18. 19. Homework for next class: <ul><li>Finish your Phylum Annelida song, story, rap, or poem (must submit with evaluation sheet) </li></ul><ul><li>Complete Annelida question worksheet </li></ul><ul><li>Complete earthworm colouring diagram </li></ul><ul><ul><li>You must include a key. Example: </li></ul></ul><ul><ul><ul><ul><ul><li>Excretory system </li></ul></ul></ul></ul></ul><ul><ul><ul><ul><ul><li> Circulatory system </li></ul></ul></ul></ul></ul><ul><li>Read over class notes and check out the class blog: http://msoonscience.blogspot.com/ </li></ul>
  19. 20. Works Cited <ul><li>Images taken from the following sources: </li></ul><ul><li>http://www.talktalk.co.uk/reference/encyclopaedia/hutchinson/m0019261.html </li></ul><ul><li>http://picasaweb.google.com/lh/photo/M8MUN49EaXJGCYd0AJEgWQ </li></ul><ul><li>http://www.biologyjunction.com/earthworm_dissection.htm </li></ul><ul><li>http://www.myfishfinder.com/fishing_forum/index.php?topic=5973.0 </li></ul><ul><li>http://flyguys.net/Leech.html </li></ul><ul><li>http://commons.wikimedia.org/wiki/File:Annelida_Hirudinea_Leech_3.JPG </li></ul><ul><li>http://universe-review.ca/R10-33-anatomy.htm </li></ul>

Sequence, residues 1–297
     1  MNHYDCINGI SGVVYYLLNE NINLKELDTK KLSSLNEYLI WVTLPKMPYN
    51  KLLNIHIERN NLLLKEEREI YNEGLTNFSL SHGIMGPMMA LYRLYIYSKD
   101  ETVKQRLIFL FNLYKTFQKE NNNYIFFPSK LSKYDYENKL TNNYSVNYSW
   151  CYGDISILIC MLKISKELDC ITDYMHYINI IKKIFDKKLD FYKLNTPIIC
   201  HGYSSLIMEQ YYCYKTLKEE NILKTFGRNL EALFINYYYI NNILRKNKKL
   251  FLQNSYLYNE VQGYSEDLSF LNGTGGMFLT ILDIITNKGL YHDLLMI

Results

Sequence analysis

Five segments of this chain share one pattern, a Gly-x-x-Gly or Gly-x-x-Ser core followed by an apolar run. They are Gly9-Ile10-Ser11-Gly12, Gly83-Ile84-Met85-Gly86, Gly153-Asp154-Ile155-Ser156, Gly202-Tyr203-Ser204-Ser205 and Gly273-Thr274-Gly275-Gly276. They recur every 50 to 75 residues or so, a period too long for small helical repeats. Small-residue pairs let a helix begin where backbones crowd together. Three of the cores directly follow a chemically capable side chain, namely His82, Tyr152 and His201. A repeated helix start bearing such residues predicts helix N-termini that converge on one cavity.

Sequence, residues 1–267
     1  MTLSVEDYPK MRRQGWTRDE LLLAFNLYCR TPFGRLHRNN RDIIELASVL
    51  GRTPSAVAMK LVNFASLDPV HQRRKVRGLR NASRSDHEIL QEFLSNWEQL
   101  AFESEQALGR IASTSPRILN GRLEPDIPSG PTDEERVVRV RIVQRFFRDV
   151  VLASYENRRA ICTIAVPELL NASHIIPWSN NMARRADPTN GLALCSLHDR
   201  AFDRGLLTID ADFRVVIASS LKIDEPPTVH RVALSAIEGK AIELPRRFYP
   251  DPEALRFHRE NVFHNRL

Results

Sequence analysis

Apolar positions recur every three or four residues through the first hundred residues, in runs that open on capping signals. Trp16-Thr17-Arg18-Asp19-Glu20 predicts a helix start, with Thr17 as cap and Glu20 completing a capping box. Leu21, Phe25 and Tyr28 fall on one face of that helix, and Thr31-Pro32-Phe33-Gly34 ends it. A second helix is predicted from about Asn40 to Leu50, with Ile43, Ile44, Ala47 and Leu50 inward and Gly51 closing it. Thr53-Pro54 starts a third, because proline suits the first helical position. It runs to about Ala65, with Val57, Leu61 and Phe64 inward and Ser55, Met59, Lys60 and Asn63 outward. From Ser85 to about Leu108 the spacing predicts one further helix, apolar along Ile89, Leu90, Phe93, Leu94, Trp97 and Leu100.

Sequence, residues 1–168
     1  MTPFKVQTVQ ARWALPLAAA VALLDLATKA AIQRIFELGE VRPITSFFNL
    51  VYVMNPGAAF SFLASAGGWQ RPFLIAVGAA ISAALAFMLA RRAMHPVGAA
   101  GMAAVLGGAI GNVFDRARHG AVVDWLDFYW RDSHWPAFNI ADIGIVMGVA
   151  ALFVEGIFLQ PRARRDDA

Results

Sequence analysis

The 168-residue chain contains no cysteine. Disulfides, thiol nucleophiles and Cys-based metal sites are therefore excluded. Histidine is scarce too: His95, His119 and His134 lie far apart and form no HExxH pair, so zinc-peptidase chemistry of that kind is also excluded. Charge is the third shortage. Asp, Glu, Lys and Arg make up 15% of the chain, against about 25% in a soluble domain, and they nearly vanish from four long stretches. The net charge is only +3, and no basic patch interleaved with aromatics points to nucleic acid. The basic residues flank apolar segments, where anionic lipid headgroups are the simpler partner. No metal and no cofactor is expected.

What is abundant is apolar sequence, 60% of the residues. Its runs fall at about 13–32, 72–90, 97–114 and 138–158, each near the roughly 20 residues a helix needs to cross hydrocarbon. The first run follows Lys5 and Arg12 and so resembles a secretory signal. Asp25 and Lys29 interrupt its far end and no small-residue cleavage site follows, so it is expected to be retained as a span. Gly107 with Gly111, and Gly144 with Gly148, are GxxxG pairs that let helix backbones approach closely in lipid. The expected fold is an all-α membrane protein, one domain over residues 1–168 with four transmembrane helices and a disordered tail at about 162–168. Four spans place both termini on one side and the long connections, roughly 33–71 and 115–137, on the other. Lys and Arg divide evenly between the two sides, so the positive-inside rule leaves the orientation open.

20. 21. Works Cited <ul><li>http://hubpages.com/hub/EarthwormAfraidSalts </li></ul><ul><li>http://www.tutorvista.com/biology/earth-worm-nervous-system </li></ul><ul><li>http://robinsonlibrary.com/science/zoology/invertebrates/annelida/oligochaeta/earthworm.htm </li></ul><ul><li>http://www.tutornext.com/help/locomotion-in-earthworm </li></ul><ul><li>http://www.neighborhoodnotes.com/news/2010/11/vermicultureworm_ranching_is_all_the_rage/ </li></ul><ul><li>http://producersconsumers.wikispaces.com/11 </li></ul><ul><li>http://waynesword.palomar.edu/trnov01.htm </li></ul><ul><li>http://www.fotosearch.com/clip-art/earthworm.html </li></ul>

×